“I saw Rebel Without A Cause quite by accident when I was about 6. I was entirely enveloped. I did research about him and it was like unearthing Tutankhamun’s tomb. His entire life seemed so magnificently perfect. What he did on film didn’t stir me that much, but as a person, he was immensely valuable. Everything from his birth in a farming town to coming to New York, breaking into film, and finding he didn’t really want it when he had enormous success. At school it was an absolute drawback because nobody really cared about him. If they did, it was only in a synthetic rock and roll way. Nobody had a passion for him as I did – for that constant uneasiness with life. Even though he was making enormous strides with his craft, he was still incredibly miserable and obviously doomed. Which is exactly the quality Oscar Wilde had. That kind of mystical knowledge that there is something incredibly black around the corner. People who feel this are quite special and always end up in quite a mangled mess.”
Morrissey at Hollywood Forever Cemetery
Any true cemetery enthusiast will know where they want to be buried themselves when they die. In an interview with the Daily Record, Morrissey expressed his wish to be buried at Hollywood Forever Cemetery in Los Angeles.
He declared, “I like Hollywood Forever. I’ve sat there for a very long time and felt quite good about it.” The singer explained that he decided on the cemetery after visiting the grave of The Ramones singer Joey Ramone. “I always felt I wanted nothing more than my name, birth date, death date and all three names, Steven Patrick Morrissey,” he said. “And I’ve even considered putting money down for reserving a spot.”
He also posed among the tombstones of Hollywood Forever Cemetery for the cover of the Redondo Beach / There Is A Light That Never Goes Out single, shot by photographer Sasha Eisenman. Besides the album art, I found some behind-the-scenes shots from this epic shoot, some of which were published in the magazine Tokion in 2004. I especially love the final one, where Moz poses belly down outside the cemetery gates, in front of the sign of Hollywood Forever.
Morrissey at the grave of John Keats
Morrissey likes to pose with the graves of his idols. Here he poses with the headstone of poet John Keats, who is buried at the Protestant Cemetery in Rome, Italy. Keats died of tuberculosis in Rome, at the young age of 25. Posing with a grave is a way of remembering someone who was special to us, someone who inspired us. Taking a picture and capturing this moment somehow bridges the gap between life and death. Between our world now, and the world of those who lived here before us.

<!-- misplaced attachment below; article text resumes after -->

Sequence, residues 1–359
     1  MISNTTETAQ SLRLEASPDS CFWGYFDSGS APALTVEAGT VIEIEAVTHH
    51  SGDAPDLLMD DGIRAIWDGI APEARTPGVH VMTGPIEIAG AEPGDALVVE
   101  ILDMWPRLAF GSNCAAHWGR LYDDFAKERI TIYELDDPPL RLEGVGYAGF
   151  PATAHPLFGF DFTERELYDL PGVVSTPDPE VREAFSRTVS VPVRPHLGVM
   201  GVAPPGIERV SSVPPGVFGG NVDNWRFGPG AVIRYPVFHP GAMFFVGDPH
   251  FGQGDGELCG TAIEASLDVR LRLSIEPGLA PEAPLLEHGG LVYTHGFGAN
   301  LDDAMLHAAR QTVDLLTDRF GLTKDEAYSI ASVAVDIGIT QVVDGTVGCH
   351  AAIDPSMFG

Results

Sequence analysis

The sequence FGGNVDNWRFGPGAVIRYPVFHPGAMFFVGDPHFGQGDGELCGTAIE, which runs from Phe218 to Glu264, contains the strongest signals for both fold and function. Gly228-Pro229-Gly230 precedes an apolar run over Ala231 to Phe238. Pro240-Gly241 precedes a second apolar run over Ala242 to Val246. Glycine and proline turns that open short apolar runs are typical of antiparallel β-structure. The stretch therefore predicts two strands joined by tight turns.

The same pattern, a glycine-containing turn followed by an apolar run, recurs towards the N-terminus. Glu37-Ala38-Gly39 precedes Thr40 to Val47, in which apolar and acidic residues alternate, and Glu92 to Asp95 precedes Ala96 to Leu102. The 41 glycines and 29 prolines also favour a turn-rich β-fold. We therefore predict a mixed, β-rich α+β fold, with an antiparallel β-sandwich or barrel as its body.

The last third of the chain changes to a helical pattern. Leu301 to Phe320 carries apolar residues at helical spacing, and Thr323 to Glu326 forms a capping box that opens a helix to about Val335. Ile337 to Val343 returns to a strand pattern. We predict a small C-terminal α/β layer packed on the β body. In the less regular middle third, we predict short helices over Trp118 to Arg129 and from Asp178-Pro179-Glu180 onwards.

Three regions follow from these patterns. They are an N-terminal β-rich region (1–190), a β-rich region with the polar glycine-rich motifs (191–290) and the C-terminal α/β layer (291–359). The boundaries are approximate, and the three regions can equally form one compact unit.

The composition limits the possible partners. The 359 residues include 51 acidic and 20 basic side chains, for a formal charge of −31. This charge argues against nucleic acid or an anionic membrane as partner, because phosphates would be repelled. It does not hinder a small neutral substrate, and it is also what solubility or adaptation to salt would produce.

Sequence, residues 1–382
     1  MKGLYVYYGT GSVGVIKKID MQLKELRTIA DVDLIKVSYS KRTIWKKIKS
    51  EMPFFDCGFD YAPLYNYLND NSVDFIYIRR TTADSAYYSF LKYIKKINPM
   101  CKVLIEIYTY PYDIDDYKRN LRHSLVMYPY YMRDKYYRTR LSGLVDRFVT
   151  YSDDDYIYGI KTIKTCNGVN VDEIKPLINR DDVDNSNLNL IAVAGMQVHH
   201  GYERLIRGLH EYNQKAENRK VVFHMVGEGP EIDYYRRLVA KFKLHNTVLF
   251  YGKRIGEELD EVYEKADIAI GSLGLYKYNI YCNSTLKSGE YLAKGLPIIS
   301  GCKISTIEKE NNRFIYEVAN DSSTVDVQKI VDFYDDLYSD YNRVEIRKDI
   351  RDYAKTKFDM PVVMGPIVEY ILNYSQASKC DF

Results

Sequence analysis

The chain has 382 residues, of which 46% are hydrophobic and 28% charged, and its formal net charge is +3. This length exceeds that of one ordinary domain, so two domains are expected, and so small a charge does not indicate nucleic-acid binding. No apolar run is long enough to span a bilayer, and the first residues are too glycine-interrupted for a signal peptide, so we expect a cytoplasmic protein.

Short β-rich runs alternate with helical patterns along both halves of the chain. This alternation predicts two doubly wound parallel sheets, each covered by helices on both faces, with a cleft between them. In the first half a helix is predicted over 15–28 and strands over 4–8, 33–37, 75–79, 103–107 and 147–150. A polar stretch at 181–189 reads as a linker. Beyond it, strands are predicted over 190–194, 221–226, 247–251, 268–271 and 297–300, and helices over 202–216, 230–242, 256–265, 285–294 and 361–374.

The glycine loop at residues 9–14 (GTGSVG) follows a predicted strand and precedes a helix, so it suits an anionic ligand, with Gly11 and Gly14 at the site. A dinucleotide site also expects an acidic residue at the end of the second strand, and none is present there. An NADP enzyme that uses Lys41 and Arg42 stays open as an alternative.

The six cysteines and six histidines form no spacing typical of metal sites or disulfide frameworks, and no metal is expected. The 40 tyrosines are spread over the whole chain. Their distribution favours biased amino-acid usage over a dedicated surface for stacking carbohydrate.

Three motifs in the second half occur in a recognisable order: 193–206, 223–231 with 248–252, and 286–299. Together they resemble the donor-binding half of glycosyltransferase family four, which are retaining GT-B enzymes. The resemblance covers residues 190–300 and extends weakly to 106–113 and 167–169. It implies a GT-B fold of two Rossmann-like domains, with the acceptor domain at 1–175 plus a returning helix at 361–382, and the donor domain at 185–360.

Whereas some people may find it strange and morbid to pose with a grave, I think Morrissey sees it as a way to pay his respect.
Morrissey at the grave of Oscar Wilde
In Paris, Morrissey visited the famous Père Lachaise Cemetery to see the tomb of Oscar Wilde. As you can tell from the third image, Moz is a big Wilde fan. He stated, “Most of my inspiration does come from outside music – especially literature and particularly Oscar Wilde.”
Other cemetery photos of Morrissey
Finally, I found pictures of Morrissey at Friedhof Grunewald-Forst cemetery in Berlin, where he visited the grave of Nico, as well as a photo of him in front of the grave of French author Colette, and one in front of the mausoleum of actor Billy Halop. In the final photo, we see a portrait of a young Morrissey, most definitely at a cemetery. Judging from his clothes I believe it’s from the same promo shoot done by Jo Novark at the beginning of this article.
From one cemetery lover to another: may you visit many more during your time on this earth.